Two Different Species of Pygmy Marmoset in the Western Amazon

Adult Cebuella niveiventris Photo: R. Burton
Adult Cebuella pygmaea  Photo: P. Yépez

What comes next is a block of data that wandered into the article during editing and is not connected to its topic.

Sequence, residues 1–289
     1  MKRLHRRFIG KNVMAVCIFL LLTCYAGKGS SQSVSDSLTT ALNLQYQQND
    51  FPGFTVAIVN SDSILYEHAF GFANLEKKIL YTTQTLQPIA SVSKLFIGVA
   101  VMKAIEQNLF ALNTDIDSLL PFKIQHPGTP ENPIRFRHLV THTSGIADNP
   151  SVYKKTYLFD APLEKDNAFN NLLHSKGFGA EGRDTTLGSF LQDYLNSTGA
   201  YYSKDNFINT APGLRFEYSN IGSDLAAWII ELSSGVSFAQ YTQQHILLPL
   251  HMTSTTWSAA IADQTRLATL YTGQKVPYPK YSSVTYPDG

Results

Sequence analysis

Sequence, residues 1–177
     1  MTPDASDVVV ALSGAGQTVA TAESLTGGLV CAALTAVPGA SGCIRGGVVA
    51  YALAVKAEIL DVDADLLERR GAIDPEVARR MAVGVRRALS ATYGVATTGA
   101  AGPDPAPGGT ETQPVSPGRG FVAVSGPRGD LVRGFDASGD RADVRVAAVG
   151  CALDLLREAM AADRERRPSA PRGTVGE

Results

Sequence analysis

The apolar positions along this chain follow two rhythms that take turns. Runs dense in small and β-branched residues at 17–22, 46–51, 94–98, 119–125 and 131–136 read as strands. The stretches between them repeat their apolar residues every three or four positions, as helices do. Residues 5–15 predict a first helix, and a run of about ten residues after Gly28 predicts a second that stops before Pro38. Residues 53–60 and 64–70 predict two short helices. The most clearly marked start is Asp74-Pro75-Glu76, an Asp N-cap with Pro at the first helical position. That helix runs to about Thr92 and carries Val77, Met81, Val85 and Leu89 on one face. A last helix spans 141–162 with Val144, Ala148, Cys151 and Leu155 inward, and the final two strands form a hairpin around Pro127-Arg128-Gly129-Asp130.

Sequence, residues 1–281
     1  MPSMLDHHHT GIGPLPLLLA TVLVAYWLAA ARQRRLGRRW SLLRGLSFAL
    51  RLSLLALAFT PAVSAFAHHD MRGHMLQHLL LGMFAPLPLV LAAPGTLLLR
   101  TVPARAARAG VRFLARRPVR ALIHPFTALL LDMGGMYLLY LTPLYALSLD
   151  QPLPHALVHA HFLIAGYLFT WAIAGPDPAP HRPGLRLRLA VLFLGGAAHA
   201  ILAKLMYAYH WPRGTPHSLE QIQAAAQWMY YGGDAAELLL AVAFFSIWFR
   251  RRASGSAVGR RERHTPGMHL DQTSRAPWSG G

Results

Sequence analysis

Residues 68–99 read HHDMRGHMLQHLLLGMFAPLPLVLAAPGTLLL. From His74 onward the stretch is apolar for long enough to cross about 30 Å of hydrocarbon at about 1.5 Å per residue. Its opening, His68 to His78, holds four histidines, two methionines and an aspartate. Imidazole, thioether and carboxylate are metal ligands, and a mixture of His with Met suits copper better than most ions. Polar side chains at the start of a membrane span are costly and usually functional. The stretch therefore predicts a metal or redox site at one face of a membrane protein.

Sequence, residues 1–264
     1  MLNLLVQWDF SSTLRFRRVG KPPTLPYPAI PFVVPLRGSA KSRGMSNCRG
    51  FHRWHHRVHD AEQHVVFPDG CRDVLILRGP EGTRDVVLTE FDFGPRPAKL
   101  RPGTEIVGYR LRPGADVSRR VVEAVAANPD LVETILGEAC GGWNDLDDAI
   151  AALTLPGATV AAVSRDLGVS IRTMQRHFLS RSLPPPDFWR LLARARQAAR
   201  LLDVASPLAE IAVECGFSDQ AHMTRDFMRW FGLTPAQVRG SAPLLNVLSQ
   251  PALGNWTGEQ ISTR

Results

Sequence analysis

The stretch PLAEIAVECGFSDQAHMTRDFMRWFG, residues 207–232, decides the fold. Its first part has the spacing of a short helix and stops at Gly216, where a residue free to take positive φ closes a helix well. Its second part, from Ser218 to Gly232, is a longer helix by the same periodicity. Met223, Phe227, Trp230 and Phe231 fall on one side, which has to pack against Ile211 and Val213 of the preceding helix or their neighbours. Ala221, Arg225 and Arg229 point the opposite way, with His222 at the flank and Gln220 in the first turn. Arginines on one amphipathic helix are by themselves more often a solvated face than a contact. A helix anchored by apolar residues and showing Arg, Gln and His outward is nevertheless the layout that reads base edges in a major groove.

A team of primatologists from USFQ, Northern Illinois University, University of Michigan, Ann Arbor and Instituto de Investigaciones de la Amazonía Peruana, reported the existence of two species of pygmy marmosets in the Ecuadorian Amazon. By comparing mitochondrial DNA from feces of wild pygmy marmosets from different sites in Ecuador, including the Tiputini Biodiversity Station, and of tissue samples from museum specimens, the researchers identified two cryptic species, very similar in pelage but differing in their DNA. The Napo river separates the two species in Ecuador. In the forests north of this river inhabits Cebuella pygmaea, whereas in forests south of the Napo river Cebuella niveiventris occurs. The two species are threatened due to their high specialization in habitat and diet. Pygmy marmosets only live in gallery forests along rivers and lake and feed on exudates of few plant species. Deforestation, live capture for the illegal pet market and epidemics are their main threats.